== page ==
MOTW: A Biography of Russell Crowe

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Maximus is a powerful Roman general, loved by the people and the aging Emperor, Marcus Aurelius. Before his death, the Emperor chooses Maximus to be his heir over his own son, Commodus, and a power struggle leaves Maximus and his family condemned to death. The powerful general is unable to save his family, and his loss of will allows him to get captured and put into the Gladiator games until he dies. The only desire that fuels him now is the chance to rise to the top so that he will be able to look into the eyes of the man who will feel his revenge.
Photo Credit: DreamWorks Distribution
February 28th, 2013

MOTW: A Biography of Russell Crowe

-- Russell Ira Crowe wasn't born in Australia, but like Mel Gibson before him, he is widely known as an Australian actor since that is where he spent his formative years. He was actually born in New Zealand on April 7, 1964, to Jocelyn and John Crowe. Both of his parents were caterers who spent their lives on movie sets feeding actors and crew members between takes. Little did they know that one day, their son Russell would become one of those hungry actors.

When young Russell was just four years old, Jocelyn and John uprooted their family and moved to Sydney, where their career as movie caterers took off. Just months after they established themselves as the caterers on the set of the television series "Spyforce," Crowe, who was still just a child, got his first professional acting gig. He uttered a single line of dialogue for an episode of the show, but it led to his getting a small part on the popular soap opera "The Doctors." These two brief parts gave birth to a dream in Crowe, who decided to become an actor when he grew up.

Apparently, waiting until he graduated from school wasn't an option for Crowe, who dropped out at the age of sixteen to pursue his lifelong dream. By then, he had returned briefly to New Zealand for secondary school, but moved back to Australia because it presented more opportunities for budding young actors. After struggling to get parts, he joined a band using the stage name Russ le Roq and had a single chart hit in New Zealand. He returned to the country of his birth to pursue music, even managing a music club called The Venue in Auckland for a short time.

Though music continued to be a big part of his life, he still yearned to be an actor. He once again went back to Australia and found work in the theater, appearing in "The Rocky Horror Picture Show" and "Bad Boy Johnny and the Prophets of Doom" among other plays. He found it very hard to find work between stage shows, so he spent some time performing on street corners for pocket money. In 1987, a full decade after his childhood appearance on "The Doctors," he got his first television gig as an adult. He played the role of Kenny Larkin on four episodes of the long-running series "Neighbours," following that up a year later with a role in the legal series "Living with the Law."

In 1990, Crowe finally broke through into movies, appearing as Lt. Corbett in "Prisoners of the Sun." He followed that up the same year with his first starring role, in "The Crossing." He began dating Danielle Spencer, his co-star from that movie, though they later suffered a breakup. It was a fateful affair, because they had an on-again, off-again relationship that eventually led to marriage and two children.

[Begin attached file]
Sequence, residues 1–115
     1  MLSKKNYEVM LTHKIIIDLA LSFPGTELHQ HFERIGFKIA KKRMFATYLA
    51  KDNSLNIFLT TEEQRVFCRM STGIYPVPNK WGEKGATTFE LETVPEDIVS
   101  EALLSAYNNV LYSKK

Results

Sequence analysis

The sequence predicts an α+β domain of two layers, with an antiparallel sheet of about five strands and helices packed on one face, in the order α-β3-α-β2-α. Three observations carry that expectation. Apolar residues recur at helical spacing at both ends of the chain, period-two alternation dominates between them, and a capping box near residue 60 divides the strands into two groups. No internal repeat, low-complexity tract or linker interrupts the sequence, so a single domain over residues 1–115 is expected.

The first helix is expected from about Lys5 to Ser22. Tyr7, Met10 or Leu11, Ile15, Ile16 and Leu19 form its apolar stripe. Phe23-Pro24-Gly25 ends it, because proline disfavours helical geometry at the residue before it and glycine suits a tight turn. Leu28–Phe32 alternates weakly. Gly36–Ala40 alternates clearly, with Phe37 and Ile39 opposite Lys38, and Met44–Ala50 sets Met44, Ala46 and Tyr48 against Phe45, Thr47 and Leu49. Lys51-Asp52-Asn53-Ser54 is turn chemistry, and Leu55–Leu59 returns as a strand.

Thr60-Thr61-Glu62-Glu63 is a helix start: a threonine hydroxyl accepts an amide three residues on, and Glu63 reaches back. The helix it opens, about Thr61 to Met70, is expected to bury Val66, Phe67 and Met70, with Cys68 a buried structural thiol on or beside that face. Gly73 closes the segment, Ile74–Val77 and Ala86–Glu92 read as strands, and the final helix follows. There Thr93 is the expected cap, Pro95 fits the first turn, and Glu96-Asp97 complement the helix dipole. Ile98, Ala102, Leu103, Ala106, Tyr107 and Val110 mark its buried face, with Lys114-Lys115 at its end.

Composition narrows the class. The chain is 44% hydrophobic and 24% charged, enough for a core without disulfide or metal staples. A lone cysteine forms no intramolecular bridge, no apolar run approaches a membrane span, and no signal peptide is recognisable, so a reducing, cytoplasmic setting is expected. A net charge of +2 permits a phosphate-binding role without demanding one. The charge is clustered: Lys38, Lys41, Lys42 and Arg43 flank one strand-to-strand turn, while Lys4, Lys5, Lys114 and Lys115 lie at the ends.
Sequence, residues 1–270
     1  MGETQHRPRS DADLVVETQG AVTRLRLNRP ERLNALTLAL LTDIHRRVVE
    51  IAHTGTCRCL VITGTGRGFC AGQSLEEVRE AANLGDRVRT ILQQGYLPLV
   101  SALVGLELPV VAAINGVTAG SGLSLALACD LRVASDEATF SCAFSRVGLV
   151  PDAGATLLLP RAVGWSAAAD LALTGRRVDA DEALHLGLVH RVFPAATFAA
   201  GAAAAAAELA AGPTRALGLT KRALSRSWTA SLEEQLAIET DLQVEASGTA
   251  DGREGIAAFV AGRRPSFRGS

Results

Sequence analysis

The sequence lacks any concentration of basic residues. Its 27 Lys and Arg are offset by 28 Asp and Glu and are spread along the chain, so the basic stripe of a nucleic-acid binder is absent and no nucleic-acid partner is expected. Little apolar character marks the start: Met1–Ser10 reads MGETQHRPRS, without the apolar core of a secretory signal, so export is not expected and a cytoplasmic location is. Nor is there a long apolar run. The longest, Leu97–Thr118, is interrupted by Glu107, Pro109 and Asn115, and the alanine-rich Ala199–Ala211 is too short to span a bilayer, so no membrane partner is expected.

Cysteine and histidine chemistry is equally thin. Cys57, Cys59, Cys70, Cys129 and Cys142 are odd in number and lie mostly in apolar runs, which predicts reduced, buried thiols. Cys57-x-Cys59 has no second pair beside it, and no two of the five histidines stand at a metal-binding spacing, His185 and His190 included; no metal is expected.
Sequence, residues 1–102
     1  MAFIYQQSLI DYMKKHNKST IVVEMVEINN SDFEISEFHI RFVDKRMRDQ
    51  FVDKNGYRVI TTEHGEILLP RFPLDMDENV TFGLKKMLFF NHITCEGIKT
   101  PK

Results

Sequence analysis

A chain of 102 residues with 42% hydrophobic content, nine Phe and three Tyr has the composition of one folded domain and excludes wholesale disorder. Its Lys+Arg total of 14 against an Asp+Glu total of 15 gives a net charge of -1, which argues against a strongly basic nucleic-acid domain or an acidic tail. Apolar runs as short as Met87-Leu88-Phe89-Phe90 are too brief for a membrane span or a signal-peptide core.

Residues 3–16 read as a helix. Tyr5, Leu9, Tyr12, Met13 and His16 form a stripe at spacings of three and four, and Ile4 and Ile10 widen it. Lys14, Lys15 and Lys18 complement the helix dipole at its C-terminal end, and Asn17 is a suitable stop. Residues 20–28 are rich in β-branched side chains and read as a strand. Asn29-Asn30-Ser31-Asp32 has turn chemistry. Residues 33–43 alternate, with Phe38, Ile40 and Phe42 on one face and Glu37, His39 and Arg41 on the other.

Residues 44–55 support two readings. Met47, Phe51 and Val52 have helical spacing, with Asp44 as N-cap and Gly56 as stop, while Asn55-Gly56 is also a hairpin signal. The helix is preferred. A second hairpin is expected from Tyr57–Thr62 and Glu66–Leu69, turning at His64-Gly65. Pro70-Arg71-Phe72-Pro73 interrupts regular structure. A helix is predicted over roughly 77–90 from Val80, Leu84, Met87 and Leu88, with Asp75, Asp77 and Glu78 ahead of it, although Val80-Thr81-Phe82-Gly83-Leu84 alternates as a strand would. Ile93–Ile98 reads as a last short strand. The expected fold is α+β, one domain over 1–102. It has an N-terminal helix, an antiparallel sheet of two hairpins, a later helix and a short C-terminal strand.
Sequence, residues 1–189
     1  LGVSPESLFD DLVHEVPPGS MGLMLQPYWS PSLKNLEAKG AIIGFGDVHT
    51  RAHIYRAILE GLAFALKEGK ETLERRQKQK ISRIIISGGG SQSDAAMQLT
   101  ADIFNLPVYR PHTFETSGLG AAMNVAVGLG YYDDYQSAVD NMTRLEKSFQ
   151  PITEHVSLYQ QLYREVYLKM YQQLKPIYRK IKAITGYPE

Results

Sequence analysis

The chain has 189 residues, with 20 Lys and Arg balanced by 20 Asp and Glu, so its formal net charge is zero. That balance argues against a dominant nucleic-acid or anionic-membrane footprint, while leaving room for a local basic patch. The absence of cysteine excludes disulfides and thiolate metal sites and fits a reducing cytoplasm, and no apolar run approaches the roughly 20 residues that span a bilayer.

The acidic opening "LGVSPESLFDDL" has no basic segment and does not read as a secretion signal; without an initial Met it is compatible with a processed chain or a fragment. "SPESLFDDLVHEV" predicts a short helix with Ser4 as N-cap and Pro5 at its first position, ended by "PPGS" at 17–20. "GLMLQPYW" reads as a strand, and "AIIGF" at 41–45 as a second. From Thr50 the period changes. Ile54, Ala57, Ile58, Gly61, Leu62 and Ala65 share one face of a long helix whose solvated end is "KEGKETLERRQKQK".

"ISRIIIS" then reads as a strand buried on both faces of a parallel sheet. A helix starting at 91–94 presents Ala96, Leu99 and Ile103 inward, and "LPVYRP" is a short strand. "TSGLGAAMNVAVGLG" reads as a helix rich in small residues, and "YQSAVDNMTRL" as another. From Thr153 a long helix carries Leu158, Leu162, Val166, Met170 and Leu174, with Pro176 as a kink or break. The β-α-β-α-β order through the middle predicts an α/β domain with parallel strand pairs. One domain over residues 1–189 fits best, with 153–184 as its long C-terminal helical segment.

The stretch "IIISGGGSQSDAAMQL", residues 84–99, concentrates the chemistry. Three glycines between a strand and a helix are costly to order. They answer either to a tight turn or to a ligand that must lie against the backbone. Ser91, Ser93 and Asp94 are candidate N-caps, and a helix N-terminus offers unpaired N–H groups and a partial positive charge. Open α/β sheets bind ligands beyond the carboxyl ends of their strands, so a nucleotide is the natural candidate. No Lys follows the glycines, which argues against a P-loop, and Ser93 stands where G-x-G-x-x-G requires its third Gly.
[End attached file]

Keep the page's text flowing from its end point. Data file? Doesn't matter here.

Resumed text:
After finally tasting success in Australia after years of struggling he went to the United States to pursue bigger acting opportunities. He almost immediately got a role opposite Gene Hackman and Sharon Stone in a remake of the classic "The Quick and the Dead." After that, he quickly gained notice stateside and earned roles in "Virtuosity" and "L.A. Confidential," a film that helped establish him as a top-notch dramatic actor.

In 2000, after working steadily for five years in the United States, Crowe got the role that earned him an Oscar and made him into a bona fide superstar. He was cast in Ridley Scott's "Gladiator" playing Maximus, a man seeking revenge for the murder of his wife and son. He followed it up a year later with the lead in "A Beautiful Mind"; a part that many think is his best yet, although he lost the Oscar that year to fellow superstar Denzel Washington.

During all the awards and accolades, Crowe's personal life garnered him as much attention as his work did. He famously romanced his "Proof of Life" co-star Meg Ryan in 2000, even though he was married at the time. After they broke up, he began dating Danielle Spencer again, this time marrying her the following year. She gave birth to two sons, Charles in 2003 and Tennyson in 2006. The couple announced their separation in 2012, though they are still close for the sake of their boys.

After laying low from 2010 to 2012, Crowe returned to the screen with a flurry of high-profile projects including the role of Javert in "Les Miserables," and Mayor Hostetler in "Broken City." In 2013, he will appear in "Man of Steel" as Superman's birth father Jor-El and as Pearly Soames in "Winter's Tale." He has completed filming on the biblical epic "Noah," though that film is not due to be released until 2014. Although Crowe still largely resides in Australia, he continues to get big roles in Hollywood, with his career showing no signs of slowing.